Ciconia Consort olv Dick van Gasteren - Rheingold
A musical journey full of romance, through the … valley of the river Rhine, with the well-known cellist Pieter Wispelwey as a soloist.
Carl Reinecke (1824-1910) – Serenade for strings in g, opus 242
Robert Schumann (1810-1856) – Celloconcerto in a, opus 129
Max Bruch (1838-1920) – Octet for Strings in B Flat, opus postuum (1920)
For ages, the river Rhine has been serving as the romantic background for legends about lives and loves of humans and gods. This is especially true for the region between Bingen and Koblenz, the Oberes Mittel-Rheintal. This picturesque region, full of medieval small towns and castles, has been exerting an influence on a great number of writers and composers. Equally, the Ciconia Consort has found inspiration in the rich history of this area, for its concert called Rheingold. For instance in the stories about the Nibelungen, the tower of mice in Bingen, and the nymph Loreley, situated on a high rock next to the river, made perish numerous ships in the Rhine with her singing. Composer Max Bruch even wrote an opera based on this ancient folktale. During this concert you’ll be listening to one of his last works, the wonderful octet for strings. The composer of the concert’s opening piece, Carl Reinecke, wrote the song cycle ‘Der Ritter vom Rhein’. You probably are familiar with the compelling ‘Rheinische Symphonie', written by Robert Schumann. Tonight you are going to listen to his famous Cello Concerto, performed by master cellist Pieter Wispelwey.
Ciconia Consort, The Hague String Orchestra
The Ciconia String Orchestra is a consort of twenty excellent musicians of many nationalities. It is conducted by Dick van Gasteren, who also is a guest conductor at the famous Simón Bolívar Orkest in Venezuela. The Ciconia is well-known for its original programming and its very high artistical quality. During their concerts, music is often combined with other arts, like theatre, literature and science. Often, current societal issues are at stake.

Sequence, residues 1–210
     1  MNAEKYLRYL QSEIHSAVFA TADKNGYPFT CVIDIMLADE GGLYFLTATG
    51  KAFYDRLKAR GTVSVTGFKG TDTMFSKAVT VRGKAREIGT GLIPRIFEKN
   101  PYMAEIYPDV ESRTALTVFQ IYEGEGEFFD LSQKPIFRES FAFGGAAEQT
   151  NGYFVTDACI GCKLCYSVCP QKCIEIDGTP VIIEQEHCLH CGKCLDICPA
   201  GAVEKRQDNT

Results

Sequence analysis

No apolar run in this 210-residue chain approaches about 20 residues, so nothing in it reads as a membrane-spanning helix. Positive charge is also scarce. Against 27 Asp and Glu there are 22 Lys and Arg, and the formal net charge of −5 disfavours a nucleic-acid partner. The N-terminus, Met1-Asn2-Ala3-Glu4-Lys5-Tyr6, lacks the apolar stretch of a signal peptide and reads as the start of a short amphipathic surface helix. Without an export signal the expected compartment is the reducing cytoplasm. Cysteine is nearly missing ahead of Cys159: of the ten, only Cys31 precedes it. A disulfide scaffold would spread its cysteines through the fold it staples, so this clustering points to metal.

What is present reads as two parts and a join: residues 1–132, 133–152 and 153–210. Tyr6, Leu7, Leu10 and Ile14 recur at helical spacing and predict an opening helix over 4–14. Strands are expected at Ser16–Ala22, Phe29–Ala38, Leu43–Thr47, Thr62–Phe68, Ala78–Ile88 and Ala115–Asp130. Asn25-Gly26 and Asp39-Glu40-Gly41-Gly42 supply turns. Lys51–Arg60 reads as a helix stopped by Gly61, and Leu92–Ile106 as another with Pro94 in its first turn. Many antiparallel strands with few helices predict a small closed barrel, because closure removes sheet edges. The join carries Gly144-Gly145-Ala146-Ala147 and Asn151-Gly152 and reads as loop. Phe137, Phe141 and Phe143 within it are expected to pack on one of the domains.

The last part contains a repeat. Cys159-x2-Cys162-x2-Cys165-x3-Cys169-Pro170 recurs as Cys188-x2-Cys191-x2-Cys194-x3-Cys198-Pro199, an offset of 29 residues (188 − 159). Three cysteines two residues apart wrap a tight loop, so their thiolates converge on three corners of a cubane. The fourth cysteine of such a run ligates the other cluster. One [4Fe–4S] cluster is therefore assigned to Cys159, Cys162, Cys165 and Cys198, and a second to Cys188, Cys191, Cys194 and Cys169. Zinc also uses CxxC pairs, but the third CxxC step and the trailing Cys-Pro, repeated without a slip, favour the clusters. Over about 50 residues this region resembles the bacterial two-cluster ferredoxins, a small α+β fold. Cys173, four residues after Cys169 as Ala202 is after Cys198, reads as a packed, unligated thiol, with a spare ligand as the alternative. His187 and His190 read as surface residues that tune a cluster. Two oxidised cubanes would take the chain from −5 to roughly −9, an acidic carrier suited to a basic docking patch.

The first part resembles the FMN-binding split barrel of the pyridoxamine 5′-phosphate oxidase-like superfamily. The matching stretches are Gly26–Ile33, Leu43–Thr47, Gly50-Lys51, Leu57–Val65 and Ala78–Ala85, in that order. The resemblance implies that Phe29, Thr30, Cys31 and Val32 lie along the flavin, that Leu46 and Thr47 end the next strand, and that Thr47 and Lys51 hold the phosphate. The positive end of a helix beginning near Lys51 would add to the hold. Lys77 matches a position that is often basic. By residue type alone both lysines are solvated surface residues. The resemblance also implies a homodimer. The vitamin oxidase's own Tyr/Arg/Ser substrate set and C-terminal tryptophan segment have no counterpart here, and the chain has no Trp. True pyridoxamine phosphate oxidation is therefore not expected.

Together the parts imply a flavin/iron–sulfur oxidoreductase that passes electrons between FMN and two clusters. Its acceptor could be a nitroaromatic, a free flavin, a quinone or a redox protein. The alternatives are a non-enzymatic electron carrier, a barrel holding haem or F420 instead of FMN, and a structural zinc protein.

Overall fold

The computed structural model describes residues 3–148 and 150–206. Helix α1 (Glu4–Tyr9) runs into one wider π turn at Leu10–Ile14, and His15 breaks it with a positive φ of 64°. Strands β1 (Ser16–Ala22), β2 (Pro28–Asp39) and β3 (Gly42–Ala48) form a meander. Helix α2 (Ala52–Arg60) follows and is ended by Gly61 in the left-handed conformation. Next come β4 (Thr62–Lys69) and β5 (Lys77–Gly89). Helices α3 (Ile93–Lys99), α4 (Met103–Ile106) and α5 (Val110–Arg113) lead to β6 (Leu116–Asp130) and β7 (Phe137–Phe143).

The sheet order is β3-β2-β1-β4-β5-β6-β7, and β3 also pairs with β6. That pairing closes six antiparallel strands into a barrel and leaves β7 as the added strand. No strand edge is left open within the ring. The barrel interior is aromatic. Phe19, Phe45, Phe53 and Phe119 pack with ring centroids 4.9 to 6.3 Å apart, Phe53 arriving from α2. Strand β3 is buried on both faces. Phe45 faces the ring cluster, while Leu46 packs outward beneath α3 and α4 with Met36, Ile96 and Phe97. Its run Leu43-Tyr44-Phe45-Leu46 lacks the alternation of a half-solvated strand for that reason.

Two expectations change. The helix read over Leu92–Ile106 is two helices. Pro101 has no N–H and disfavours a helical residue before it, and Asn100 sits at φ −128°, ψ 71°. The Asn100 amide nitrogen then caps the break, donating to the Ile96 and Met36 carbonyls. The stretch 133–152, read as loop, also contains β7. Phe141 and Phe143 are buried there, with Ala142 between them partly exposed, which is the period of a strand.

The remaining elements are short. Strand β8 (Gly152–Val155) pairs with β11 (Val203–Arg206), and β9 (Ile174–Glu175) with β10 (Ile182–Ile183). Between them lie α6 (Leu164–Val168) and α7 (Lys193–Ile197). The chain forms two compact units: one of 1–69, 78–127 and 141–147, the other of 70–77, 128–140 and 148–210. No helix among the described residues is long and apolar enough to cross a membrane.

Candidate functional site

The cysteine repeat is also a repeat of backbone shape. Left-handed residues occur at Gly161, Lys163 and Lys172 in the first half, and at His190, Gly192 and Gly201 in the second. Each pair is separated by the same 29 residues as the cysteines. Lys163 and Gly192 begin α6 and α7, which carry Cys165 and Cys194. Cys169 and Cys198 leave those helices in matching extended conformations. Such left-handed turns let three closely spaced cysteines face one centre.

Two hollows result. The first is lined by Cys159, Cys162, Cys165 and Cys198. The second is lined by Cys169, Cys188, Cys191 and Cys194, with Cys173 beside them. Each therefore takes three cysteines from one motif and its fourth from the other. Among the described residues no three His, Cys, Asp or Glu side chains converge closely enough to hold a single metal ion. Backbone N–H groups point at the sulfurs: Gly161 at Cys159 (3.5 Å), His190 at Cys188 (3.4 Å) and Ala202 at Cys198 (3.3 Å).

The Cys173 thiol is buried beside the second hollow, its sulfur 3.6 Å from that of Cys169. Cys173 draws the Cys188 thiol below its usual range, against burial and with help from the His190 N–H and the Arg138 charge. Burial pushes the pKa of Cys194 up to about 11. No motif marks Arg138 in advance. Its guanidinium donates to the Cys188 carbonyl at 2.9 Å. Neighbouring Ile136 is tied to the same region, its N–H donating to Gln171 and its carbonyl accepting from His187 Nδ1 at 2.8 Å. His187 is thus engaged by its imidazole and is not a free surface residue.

Their performances are being highly acclaimed by critics in The Netherlands and abroad: “an exciting group of musicians, performing at extremely high level” (Klassieke Zaken); “impressive unity and full string tone” (Musicweb International)
Their acclaim equally goes for Ciconia’s debut-CD French Music for String Orchestra, published in 2018. Their second CD, called American Pioneers, has been available since December 2020. The Ciconia Consort has been participating to several Dutch Radio 4 broadcasts, i.e. Avondconcert, Vrije geluiden, Muziekfabriek en Muziekwijzer, and on TV at bij Podium Witteman.
The orchestra has been performing music of all ages, from baroque to contemporary, cooperating with many well-known soloists, i.e. Pieter Wispelwey, Peter Gijsbertsen, Lavinia Meyer, Lilian Farahani, Paolo Giacometti, and with scientists and writers like Pieter Waterdrinker, Maarten van Rossem, Rosita Steenbeek, and Willem Otterspeer.
Pieter Wispelwey, cello
Born in Haarlem, The Netherlands, Wispelwey studied with Dicky Boeke and Anner Bylsma in Amsterdam and later with Paul Katz in the USA and William Pleeth in the UK.
Pieter Wispelwey plays on a 1760 Giovanni Battista Guadagnini cello and a 1710 Rombouts baroque cello. He is equally at ease on the modern or period cello. His acute stylistic awareness, combined with a truly original interpretation and a phenomenal technical mastery, has won the hearts of critics and public alike in repertoire ranging from JS Bach to Schnittke, Elliott Carter and works composed for him. Wispelwey’s career spans five continents and he has appeared as soloist with many of the world’s leading orchestras. He equally enjoys chamber music collaborations and regular duo partners include pianists Cédric Tiberghien and Alasdair Beatson. His impressive discography consists of over 20 albums. In 2012 Wispelwey celebrated his 50th birthday by embarking on a project showcasing the Bach Cello Suites.